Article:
Really Simple Statistics: What is Ratio Data #MRX

Welcome to Really Simple Statistics (RSS). There are lots of places online where you can ponder over the minute details of complicated equations but very few places that make statistics understandable to everyone. I won’t explain exceptions to the rule or special cases here. Let’s just get comfortable with the fundamentals.

Last in the series of 4 types of data is ratio data. Ratio numbers have all the features of the previous numbers we’ve talked about plus one more. So, with ratio numbers, we know that certain numbers are bigger than other numbers (ordinal), and we know that the difference between numbers is meaningful (interval). The single feature that separates ratio numbers from the other numbers is that the number zero is relevant. Here are some examples.

  • I bought 5 chocolate bars today. That’s two chocolate bars plus three chocolate bars. Five chocolate bars is five times as many as 1 chocolate bar.
  • My buddy Justin Bieber had 1 chocolate bar but he gave it to me. He now has zero chocolate bars and I have six.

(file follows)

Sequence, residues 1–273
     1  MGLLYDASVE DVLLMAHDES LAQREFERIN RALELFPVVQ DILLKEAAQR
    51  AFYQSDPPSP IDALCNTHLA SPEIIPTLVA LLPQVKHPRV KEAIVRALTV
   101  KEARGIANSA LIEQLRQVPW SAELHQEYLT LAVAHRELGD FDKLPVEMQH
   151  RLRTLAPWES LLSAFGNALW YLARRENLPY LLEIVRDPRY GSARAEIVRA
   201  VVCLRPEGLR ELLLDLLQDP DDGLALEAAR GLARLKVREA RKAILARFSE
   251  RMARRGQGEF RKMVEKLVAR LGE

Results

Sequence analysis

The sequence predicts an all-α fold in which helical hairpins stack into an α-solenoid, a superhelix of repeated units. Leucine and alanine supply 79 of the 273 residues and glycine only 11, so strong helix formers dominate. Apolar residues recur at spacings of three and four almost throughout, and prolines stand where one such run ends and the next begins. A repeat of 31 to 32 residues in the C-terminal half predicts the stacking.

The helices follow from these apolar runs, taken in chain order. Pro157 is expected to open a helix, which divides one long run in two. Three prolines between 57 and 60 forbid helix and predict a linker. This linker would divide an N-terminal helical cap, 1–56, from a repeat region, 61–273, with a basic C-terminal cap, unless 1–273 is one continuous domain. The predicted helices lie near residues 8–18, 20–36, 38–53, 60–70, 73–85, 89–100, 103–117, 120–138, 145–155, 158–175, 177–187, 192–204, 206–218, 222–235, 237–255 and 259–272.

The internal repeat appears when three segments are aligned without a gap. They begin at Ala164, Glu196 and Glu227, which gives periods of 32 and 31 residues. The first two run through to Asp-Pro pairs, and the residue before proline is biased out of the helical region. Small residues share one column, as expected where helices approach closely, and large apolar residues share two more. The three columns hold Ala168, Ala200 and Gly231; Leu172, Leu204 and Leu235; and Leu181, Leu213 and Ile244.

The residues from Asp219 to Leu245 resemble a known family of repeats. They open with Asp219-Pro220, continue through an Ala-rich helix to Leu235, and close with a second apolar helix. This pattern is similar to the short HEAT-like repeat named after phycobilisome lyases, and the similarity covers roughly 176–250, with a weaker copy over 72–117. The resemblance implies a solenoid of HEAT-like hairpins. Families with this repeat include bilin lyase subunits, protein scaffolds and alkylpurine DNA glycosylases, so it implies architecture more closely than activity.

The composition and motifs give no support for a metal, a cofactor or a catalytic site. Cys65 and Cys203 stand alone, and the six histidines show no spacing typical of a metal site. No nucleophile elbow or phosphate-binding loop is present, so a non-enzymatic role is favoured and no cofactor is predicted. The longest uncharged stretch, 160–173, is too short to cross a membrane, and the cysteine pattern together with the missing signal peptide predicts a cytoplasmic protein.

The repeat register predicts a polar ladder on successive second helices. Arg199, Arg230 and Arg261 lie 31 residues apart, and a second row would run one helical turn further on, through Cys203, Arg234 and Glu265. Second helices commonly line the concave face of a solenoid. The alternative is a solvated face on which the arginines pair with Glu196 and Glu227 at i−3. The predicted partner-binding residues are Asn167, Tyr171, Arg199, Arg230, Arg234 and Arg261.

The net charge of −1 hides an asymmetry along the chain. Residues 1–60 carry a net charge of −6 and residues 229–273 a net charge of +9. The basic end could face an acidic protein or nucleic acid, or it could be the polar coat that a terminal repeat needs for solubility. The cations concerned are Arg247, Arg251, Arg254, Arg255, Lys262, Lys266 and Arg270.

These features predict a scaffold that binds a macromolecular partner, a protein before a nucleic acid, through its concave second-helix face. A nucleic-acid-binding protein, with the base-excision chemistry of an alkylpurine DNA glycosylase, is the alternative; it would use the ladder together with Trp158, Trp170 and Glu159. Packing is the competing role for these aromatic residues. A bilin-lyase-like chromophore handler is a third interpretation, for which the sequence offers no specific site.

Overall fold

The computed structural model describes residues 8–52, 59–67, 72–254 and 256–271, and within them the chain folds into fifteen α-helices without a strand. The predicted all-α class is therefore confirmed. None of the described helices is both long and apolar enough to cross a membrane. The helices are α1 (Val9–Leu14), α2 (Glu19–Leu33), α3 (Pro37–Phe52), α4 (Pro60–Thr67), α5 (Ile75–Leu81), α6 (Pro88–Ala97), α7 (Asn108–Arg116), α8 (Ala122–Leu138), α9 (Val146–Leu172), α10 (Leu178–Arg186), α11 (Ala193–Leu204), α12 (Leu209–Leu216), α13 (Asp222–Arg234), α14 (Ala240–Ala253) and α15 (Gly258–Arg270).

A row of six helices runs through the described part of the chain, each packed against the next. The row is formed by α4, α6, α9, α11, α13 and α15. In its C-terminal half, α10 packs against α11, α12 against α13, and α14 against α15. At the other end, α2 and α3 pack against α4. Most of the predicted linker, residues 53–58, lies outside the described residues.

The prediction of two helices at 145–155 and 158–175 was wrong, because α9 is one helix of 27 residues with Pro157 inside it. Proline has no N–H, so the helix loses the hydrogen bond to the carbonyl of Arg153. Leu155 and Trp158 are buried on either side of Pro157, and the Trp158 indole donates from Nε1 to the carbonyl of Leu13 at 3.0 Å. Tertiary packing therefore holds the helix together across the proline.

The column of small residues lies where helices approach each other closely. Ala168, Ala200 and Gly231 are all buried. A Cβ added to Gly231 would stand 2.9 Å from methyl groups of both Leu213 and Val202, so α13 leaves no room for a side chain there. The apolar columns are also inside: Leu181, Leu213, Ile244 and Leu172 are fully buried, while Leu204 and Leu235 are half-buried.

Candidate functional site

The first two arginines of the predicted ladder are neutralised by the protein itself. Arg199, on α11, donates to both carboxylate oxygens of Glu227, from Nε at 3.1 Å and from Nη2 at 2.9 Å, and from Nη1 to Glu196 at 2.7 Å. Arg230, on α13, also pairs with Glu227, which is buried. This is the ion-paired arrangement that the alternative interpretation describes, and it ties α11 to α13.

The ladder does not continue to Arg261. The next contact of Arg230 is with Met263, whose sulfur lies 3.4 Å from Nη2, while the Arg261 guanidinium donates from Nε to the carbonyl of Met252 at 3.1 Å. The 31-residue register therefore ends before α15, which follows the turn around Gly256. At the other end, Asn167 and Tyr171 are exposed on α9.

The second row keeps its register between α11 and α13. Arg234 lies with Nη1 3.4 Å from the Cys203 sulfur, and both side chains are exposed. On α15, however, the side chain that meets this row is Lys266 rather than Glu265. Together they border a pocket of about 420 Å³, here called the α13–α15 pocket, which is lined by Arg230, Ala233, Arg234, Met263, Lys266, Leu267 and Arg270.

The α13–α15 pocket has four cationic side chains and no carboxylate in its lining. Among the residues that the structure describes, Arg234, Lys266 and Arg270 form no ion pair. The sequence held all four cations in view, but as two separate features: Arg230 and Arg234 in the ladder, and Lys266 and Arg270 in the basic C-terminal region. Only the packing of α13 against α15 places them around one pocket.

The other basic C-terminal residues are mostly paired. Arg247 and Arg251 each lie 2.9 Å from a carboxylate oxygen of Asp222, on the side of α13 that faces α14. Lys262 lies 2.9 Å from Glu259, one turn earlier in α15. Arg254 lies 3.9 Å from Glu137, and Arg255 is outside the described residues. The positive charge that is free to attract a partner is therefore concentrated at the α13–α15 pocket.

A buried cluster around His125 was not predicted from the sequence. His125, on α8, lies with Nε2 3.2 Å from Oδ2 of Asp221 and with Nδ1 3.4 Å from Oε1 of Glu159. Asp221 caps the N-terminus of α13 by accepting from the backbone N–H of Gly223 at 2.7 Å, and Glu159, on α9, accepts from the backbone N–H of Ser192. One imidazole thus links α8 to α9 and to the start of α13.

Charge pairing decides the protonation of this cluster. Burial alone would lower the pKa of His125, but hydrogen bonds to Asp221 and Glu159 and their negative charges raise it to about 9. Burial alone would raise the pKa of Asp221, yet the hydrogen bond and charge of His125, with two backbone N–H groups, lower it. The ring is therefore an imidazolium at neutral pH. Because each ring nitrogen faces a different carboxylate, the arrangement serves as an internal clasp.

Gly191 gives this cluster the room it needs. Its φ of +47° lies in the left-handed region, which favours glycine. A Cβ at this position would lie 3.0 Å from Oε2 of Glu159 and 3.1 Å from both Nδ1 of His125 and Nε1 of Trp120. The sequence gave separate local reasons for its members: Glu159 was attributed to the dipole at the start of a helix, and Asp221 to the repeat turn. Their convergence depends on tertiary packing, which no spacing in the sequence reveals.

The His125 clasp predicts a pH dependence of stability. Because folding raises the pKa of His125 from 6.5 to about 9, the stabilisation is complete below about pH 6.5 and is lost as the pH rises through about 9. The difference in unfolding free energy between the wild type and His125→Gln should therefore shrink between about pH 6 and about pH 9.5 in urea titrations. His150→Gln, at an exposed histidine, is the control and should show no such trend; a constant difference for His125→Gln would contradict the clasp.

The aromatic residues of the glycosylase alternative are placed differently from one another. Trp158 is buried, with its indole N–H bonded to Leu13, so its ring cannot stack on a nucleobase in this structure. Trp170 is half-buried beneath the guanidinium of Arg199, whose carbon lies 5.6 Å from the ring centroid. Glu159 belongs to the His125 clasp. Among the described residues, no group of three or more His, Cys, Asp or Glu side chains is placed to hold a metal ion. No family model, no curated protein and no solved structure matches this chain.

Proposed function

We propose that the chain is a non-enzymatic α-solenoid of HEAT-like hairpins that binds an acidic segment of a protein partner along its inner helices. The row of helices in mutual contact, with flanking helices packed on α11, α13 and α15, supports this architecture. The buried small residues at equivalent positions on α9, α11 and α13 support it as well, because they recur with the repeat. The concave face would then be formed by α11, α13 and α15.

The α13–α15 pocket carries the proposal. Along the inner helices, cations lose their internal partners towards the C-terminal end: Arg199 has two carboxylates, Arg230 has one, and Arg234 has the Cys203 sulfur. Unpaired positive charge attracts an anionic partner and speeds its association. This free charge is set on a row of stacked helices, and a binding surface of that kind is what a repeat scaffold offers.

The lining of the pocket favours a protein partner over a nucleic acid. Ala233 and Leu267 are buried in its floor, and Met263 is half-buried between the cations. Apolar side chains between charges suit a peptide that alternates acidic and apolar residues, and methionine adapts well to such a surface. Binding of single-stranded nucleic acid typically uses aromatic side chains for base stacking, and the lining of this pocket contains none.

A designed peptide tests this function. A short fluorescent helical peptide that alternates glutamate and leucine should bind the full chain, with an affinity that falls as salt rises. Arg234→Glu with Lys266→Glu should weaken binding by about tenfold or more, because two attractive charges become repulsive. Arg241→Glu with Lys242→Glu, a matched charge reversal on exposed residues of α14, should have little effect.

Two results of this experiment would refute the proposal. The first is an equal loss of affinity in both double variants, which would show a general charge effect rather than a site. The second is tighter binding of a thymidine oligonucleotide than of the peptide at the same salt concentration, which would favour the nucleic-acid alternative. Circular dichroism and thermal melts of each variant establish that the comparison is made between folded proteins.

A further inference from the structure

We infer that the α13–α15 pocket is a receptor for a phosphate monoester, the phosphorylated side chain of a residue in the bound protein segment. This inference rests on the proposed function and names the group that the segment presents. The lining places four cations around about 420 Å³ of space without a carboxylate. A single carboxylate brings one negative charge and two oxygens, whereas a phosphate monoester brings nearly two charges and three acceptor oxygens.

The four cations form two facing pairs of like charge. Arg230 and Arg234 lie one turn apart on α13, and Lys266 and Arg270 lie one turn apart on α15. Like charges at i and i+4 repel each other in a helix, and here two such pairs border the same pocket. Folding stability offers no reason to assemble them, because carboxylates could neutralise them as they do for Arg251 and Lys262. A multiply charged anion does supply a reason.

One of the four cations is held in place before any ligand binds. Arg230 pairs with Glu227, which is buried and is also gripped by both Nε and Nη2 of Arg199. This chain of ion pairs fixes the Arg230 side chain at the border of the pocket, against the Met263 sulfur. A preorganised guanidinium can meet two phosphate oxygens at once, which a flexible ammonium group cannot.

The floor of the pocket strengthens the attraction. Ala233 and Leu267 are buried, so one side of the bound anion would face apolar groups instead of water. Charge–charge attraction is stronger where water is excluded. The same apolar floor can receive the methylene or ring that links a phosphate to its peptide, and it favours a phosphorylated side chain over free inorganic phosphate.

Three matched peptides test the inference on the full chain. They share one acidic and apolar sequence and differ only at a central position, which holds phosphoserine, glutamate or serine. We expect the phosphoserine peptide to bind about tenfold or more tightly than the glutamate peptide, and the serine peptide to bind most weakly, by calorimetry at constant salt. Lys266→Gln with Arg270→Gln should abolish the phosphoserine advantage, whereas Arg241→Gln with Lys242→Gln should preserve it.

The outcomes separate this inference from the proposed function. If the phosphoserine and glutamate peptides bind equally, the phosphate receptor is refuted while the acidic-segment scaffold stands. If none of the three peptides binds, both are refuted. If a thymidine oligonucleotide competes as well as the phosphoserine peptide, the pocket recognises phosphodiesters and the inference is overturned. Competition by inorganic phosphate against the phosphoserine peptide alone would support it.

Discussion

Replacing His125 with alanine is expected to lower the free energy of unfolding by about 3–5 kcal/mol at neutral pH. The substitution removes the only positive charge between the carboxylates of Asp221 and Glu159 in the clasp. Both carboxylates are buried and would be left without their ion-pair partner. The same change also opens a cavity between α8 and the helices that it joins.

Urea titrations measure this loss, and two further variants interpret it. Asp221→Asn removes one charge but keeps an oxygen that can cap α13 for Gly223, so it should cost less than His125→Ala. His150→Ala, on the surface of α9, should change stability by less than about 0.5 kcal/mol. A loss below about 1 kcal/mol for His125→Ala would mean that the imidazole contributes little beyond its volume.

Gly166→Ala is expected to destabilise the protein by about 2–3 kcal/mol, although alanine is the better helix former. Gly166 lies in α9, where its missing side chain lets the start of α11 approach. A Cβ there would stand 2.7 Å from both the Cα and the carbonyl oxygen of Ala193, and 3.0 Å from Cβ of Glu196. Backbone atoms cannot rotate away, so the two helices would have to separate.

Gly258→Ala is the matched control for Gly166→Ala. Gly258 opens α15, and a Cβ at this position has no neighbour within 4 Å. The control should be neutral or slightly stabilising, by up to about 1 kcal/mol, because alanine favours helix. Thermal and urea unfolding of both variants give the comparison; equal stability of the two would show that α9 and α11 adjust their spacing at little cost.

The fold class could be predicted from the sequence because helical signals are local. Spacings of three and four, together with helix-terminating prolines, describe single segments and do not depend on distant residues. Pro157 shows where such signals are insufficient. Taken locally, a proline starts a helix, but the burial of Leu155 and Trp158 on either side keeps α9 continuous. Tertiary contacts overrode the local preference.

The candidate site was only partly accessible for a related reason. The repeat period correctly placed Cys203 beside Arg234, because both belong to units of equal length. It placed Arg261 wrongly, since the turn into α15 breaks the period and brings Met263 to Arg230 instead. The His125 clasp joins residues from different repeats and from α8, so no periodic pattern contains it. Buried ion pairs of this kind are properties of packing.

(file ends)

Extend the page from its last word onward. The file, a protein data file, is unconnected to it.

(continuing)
• 100% of the treats in my hand are chocolate bars. If I give two of them to Justin, Justin has forty percent of the chocolate bars. And, if I give all six of them to Justin, I now have 0% of the chocolate bars and he has 100% of them.

So here are the important distinctions:

  1. Most importantly, the zero makes sense. It is an absence of all things chocolate. It’s not less chocolate or smaller chocolate. It’s zero chocolate. 😦
  2. The spaces between the numbers make sense. 4 bars is exactly 1 more than 3 bars.
  3. We can tell when I have more bars than Justin. If i can hold bars in both of my hands and Justin only has a bar in one hand, I obviously have more than he does.

It’s that simple!

Really Simple Statistics: What is Interval Data? #MRX